Somebody needs to go to jail. Several somebodies, in fact.

Over the past decade, out-of-state drug companies shipped 20.8 million prescription painkillers to two pharmacies four blocks apart in a Southern West Virginia town with 2,900 people, according to a congressional committee investigating the opioid crisis.

The House Energy and Commerce Committee cited the massive shipments of hydrocodone and oxycodone — two powerful painkillers — to the town of Williamson, in Mingo County, amid the panel’s inquiry into the role of drug distributors in the opioid epidemic.

“These numbers are outrageous, and we will get to the bottom of how this destruction was able to be unleashed across West Virginia,” said committee Chairman Greg Walden, R-Ore., and ranking member Frank Pallone Jr., D-N.J., in a joint statement.

Source: Drug firms shipped 20.8M pain pills to WV town with 2,900 people | Health | wvgazettemail.com

The Startling Link Between Sugar and Alzheimer’s – The Atlantic

I’ve considered high-carb diets to be dangerous, and this troubling research linking high-carb diets to cognitive decline gives me yet another reason to avoid excessive carbs. Yikes!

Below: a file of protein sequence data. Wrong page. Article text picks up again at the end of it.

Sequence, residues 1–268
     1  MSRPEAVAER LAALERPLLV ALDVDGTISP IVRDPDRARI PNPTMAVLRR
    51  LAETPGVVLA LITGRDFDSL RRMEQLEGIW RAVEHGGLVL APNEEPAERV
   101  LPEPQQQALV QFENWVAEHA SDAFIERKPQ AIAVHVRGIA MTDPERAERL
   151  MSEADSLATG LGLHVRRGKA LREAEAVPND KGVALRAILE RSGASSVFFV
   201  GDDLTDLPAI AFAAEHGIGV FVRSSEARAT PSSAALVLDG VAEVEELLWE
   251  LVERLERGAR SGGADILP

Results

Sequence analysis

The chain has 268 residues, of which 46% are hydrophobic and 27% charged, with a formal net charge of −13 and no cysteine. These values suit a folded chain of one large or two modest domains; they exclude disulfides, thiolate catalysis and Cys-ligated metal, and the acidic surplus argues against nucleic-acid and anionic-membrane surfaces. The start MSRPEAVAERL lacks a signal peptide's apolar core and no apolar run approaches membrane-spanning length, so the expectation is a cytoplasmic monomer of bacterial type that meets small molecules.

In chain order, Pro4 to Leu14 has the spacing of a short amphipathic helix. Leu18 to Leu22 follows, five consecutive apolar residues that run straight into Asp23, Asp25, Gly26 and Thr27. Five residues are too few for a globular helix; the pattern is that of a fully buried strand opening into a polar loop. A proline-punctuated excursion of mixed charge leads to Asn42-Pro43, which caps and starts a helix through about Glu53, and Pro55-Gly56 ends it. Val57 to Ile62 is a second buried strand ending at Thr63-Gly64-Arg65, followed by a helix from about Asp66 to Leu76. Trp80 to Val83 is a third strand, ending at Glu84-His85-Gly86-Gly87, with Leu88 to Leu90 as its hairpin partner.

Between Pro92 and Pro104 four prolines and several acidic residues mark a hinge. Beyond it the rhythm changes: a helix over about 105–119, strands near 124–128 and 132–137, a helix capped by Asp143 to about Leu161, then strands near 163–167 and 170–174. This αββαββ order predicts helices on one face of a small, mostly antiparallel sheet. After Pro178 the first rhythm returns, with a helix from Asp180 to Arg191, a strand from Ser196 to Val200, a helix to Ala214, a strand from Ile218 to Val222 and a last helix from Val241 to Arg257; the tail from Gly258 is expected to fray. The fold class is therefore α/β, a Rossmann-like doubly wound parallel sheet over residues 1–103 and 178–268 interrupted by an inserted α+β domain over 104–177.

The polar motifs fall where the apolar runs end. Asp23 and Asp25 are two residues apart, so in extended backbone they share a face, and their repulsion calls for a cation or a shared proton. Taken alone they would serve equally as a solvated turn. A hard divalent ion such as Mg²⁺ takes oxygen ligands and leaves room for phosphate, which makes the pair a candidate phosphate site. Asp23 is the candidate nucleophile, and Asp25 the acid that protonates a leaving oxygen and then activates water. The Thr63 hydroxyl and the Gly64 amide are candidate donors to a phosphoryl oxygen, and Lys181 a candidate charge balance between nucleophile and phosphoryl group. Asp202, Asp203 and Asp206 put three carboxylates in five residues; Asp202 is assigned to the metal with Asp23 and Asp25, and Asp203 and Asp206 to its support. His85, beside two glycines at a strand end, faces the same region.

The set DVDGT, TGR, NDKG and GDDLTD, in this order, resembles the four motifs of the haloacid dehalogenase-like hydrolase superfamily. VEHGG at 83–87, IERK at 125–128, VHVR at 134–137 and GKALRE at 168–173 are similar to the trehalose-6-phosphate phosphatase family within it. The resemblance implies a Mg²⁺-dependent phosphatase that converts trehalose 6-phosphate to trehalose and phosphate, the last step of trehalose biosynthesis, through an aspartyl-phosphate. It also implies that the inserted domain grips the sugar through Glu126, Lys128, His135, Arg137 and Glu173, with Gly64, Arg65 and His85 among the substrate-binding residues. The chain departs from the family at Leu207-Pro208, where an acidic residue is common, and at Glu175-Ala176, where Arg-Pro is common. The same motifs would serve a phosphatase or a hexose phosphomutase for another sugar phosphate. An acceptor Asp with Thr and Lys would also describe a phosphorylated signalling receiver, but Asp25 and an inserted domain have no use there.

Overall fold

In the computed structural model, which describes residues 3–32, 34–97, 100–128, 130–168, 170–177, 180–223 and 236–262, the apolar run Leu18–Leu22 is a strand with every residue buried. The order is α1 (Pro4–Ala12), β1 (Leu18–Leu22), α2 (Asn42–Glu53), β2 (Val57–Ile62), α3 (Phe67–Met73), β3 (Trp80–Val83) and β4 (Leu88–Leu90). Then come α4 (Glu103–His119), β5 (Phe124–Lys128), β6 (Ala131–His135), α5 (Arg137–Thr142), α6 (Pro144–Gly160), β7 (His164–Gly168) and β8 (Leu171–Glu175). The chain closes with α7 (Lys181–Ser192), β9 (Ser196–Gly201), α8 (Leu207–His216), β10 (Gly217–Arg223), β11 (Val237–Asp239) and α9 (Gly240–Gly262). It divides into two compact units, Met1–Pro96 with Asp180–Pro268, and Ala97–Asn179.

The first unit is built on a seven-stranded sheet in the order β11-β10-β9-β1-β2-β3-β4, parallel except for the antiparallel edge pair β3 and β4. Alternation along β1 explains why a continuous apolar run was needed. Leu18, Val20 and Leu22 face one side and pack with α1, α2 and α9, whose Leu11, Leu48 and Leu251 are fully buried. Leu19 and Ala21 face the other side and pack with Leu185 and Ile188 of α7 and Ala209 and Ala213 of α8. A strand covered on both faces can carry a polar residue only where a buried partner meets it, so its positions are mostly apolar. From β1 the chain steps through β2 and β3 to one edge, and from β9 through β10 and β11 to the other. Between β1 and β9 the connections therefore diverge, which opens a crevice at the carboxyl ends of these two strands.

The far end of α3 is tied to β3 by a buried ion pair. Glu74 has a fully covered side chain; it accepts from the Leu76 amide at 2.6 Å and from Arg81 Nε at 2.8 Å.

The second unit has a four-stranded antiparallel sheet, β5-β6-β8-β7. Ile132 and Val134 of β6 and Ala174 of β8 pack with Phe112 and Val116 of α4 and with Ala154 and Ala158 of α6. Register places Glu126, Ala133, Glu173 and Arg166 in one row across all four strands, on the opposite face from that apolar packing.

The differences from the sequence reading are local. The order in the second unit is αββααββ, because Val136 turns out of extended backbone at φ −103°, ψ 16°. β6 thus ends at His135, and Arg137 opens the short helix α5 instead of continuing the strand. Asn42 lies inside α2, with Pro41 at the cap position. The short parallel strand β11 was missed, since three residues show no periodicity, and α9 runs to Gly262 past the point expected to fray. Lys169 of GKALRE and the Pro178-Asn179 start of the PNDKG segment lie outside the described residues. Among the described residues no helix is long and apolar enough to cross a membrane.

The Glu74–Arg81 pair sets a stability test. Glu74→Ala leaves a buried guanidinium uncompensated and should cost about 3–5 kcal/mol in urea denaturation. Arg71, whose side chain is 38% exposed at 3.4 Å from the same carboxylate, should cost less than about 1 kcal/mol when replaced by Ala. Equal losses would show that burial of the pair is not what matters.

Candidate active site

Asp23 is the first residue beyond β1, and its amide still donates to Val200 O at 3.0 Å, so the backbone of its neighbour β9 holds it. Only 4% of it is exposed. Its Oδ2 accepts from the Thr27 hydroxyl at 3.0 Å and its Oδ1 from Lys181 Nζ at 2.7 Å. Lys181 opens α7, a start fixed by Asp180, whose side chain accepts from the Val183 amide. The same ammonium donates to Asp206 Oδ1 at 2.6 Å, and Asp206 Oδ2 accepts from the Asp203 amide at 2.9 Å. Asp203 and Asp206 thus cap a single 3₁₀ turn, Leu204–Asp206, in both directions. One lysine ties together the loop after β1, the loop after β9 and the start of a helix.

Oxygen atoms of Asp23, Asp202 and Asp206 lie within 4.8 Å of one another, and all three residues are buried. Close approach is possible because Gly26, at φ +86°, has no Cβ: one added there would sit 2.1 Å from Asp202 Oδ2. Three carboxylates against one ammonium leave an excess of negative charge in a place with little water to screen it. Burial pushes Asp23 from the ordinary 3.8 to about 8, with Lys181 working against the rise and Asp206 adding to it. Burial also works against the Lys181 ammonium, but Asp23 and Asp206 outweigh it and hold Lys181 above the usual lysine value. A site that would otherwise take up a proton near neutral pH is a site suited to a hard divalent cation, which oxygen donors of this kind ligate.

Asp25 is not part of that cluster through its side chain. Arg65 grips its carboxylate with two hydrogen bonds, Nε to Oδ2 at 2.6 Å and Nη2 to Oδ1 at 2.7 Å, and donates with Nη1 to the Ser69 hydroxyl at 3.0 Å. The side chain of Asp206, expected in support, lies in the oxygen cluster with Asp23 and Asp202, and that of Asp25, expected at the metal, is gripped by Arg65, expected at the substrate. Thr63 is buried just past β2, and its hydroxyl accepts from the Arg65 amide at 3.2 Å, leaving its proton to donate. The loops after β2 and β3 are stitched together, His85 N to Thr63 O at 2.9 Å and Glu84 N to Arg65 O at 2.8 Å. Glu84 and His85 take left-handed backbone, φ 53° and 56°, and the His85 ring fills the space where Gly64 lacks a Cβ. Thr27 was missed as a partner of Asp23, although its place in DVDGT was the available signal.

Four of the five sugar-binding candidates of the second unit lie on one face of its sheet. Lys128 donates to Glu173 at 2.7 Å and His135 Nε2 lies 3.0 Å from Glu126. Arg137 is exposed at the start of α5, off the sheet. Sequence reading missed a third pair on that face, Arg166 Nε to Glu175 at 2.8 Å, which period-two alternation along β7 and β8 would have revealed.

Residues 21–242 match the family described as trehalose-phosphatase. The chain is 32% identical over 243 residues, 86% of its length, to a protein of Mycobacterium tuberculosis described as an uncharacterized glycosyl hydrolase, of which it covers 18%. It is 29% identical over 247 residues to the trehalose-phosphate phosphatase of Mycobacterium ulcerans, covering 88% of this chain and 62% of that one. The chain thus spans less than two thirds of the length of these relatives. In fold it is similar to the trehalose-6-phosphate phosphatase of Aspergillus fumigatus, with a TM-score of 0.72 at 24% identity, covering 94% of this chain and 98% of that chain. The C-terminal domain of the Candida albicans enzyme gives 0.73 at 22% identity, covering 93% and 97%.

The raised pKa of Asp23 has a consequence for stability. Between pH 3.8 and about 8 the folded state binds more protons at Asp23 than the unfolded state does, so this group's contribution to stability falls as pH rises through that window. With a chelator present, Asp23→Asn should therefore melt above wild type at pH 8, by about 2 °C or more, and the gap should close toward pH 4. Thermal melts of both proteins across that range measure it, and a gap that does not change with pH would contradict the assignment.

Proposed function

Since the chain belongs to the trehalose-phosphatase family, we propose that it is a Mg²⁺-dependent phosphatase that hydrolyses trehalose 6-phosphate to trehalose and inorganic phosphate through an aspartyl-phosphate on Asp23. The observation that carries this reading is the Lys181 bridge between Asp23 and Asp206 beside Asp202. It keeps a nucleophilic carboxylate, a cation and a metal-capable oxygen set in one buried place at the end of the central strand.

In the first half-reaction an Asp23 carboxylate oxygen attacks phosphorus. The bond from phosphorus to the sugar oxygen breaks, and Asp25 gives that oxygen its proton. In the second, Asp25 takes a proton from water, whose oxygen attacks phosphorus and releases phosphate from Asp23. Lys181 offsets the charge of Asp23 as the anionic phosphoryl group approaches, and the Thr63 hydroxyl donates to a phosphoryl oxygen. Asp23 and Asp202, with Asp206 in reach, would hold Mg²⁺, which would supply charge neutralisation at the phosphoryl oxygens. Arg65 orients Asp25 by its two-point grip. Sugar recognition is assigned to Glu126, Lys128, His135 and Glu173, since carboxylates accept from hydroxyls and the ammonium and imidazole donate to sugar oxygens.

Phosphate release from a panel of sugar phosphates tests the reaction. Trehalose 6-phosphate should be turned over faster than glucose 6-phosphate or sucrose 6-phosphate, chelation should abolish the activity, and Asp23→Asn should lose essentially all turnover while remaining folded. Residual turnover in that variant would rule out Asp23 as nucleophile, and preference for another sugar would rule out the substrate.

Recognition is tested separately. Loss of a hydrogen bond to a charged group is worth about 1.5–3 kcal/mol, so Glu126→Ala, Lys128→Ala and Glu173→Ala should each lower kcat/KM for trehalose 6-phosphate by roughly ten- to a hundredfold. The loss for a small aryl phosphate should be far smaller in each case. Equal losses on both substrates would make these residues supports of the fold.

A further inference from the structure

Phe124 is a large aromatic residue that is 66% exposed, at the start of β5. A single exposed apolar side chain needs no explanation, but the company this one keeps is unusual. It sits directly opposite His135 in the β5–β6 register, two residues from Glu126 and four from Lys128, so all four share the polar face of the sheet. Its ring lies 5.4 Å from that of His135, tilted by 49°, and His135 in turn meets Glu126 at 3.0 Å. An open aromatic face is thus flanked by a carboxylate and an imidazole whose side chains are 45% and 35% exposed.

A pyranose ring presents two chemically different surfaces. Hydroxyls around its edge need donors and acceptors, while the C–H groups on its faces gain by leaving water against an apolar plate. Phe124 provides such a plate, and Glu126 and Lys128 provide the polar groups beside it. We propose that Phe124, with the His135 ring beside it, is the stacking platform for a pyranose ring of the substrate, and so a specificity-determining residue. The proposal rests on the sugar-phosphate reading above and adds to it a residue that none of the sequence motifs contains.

In recent years, Alzheimer’s disease has occasionally been referred to as “type 3” diabetes, though that moniker doesn’t make much sense. After all, though they share a problem with insulin, type 1 diabetes is an autoimmune disease, and type 2 diabetes is a chronic disease caused by diet. Instead of another type of diabetes, it’s increasingly looking like Alzheimer’s is another potential side effect of a sugary, Western-style diet.

In some cases, the path from sugar to Alzheimer’s leads through type 2 diabetes, but as a new study and others show, that’s not always the case.

A longitudinal study, published Thursday in the journal Diabetologia, followed 5,189 people over 10 years and found that people with high blood sugar had a faster rate of cognitive decline than those with normal blood sugar—whether or not their blood-sugar level technically made them diabetic. In other words, the higher the blood sugar, the faster the cognitive decline.

Source: The Startling Link Between Sugar and Alzheimer’s – The Atlantic